still a bit far out in the sense that there’s a lot more process integration work that needs to be done because these are proof of concept demos, but they show that there might be more beyond copper.”
In a paper from AIST, titled “Sub 10nm wide intercalated multi-layer graphene interconnects with low resistivity,” work will be presented that demonstrates 8nm wide 6.4nm thick graphene intercon- nects with a resistivity of 3.2uohm-cm (FIGURE 3), which is significantly better than copper with similar dimensions. This milestone for graphene inter- connect research is expected to motivate the process integration research that is required to take the technology to the next level.
Carbon nanotubes (CNTs) have been explored as a material for vertical inter- connects for many years since they can handle higher current densities than copper and offer ballistic transport. A paper from imec titled “Electron Mean Free Path for CNT in Vertical Intercon- nects Approaches Copper,” work will be presented that demonstrates a 5x improvement in electron mean free path for CNTs compared to previous work (FIGURE 4). The CNT mean free path of 24-74nm approaches copper. Contact resistance is improved significantly compared to previous work as well.
Of course, an alternative to making everything smaller by scaling is to go 3D. That will be addressed by a variety of papers, including one from CEA-Leti focused on 3D monolithic integration. While most of today’s through-silicon vias (TSVs) are in the 5μm range, monolithic 3D technologies offer TSVs in the 50nm range, which allows dense connectivity between different layers in a 3D-IC. In the Leti paper, such dense connectivity is shown to provide 55% area reduction and 47% energy-delay product improvement for a 14nm FPGA design (FIGURE 5). Transistor technologies that allow monolithic 3D integration are experimentally demonstrated. “When you make the TSVs smaller and smaller, you can reduce the length of on-chip wires as well by taking what’s on a single now and stacking them into two layers,” Sekar said. “That might save a lot of power and area. There’s been a lot of talk about monolithic 3D, but these are some of the first few experimental demonstrations showing that it’s possible.”
Through Silicon Vias (TSVs), an important component of 3D chip stacking technology, typically have a “keep-out zone” around them, where transistors are not placed. This is due to co-efficient of thermal expansion mismatch between the copper TSVs and silicon, which introduces tensile stresses in the silicon and changes transistor performance. These keep-out zones are typically >7μm, which adds constraints for design and leads to die size penalties.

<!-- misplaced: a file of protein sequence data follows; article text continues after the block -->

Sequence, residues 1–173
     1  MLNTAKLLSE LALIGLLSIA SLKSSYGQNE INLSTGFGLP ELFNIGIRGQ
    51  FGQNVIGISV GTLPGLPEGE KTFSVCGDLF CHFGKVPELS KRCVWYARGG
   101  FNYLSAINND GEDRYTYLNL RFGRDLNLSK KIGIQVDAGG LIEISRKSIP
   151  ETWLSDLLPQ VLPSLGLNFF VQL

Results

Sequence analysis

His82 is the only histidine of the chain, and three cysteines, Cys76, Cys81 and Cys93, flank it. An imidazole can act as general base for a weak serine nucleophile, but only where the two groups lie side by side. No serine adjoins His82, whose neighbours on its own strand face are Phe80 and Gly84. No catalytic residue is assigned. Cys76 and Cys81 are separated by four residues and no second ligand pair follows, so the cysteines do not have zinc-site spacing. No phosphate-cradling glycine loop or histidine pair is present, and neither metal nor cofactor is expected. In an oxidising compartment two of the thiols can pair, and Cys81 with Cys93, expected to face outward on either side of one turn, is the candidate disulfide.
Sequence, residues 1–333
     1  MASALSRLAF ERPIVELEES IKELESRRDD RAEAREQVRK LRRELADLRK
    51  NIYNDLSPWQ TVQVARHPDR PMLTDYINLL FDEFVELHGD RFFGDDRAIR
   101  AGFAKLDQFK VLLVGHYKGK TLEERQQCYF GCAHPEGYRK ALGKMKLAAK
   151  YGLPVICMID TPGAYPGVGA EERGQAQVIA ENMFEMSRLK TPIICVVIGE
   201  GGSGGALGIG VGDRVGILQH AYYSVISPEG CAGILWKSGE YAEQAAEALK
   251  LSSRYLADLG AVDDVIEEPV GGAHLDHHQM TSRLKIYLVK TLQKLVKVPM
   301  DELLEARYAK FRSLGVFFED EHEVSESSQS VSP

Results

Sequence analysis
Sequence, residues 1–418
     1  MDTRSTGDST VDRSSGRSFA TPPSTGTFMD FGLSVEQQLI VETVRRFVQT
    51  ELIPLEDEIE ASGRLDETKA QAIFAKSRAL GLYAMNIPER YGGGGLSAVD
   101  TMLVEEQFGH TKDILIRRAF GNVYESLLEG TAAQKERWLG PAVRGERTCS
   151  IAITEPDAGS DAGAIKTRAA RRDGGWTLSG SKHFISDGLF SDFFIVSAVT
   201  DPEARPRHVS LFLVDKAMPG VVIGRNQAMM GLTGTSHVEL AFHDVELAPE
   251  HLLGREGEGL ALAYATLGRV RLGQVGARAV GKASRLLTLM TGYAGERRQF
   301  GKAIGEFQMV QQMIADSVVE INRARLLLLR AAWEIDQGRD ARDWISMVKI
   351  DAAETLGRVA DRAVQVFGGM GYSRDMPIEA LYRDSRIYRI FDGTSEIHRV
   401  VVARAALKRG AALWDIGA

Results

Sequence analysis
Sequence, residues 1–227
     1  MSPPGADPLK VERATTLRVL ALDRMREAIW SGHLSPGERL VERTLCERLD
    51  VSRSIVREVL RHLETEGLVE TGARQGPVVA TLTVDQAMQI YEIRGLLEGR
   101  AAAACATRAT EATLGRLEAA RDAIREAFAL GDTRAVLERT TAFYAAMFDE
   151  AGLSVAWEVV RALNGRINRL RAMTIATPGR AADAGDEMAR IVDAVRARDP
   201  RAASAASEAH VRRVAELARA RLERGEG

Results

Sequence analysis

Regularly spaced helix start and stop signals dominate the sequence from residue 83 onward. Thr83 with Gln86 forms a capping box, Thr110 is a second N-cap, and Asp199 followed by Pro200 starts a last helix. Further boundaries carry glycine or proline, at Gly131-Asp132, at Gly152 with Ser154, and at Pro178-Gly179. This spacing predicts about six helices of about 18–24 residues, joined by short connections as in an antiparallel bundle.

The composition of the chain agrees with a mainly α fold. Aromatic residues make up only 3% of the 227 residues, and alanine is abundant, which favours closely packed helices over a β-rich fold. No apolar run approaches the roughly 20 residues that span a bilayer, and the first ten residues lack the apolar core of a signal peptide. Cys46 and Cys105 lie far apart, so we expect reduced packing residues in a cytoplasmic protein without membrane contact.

Perhaps the ultimate ways of sending signals is not with electrons but with photons. Optical interconnects are already in use in telecommunications, and have been implemented at the backplane level on computer systems. Someday, we could see chip-to-chip level optical communication, and perhaps even on-chip.
In work from GLOBALFOUNDRIES, a CMP stop layer is specially designed such that it introduces compressive stresses on the silicon and compensates for the tensile stresses introduced due to copper TSVs (FIGURE 6). The result is a near-zero keep-out zone for TSV technology, that is validated with simulations as well as experiments.
At IITC, the first talk after the plenary talk is title “Nanophotonic and Interconnects - Status and Future Directions,” and will be delivered by one of the original pioneers in the field, David A.B. Miller, who runs the Ginzton Laboratory at Stanford University.
“Optical interconnects at progressively shorter distances and higher communications densities demand novel optics and very low operating energies. Optoelectronics with femtojoule or lower energies and compact custom and self-designing optics may enable the lower energy per operation and higher bandwidth density required for continued scaling of information processing, with significant potential impact for systems,” Miller says in his summary.
The upcoming Symposia on VLSI Technology & Circuits (http://www. vlsisymposium.org/), scheduled for Honolulu from June 9-12 (Technology) and June 10-13 (Circuits). Of particular note is a highlighted paper from researchers at Micron Technology describing the first monolithic silicon- photonics-on-bulk-CMOS process flow to connect distant distributed memories (FIGURE 7). Features include deep- trench isolation, polysilicon waveguides, grating couplers, filters, modulators, and detectors. Fully functional on-chip CMOS enables transmit/receive operation while minimizing interconnect parasitics. With the addition of an external 1280-nm light source, a fully functional optical link (5 Gb/s with 2.8 pJ/b), capable of WDM (wavelength division multiplexing), has been demonstrated. In addition to the polysilicon resonant detector used in the link, a monolithically integrated SiGe-based photodetector using selective epitaxial growth was also developed.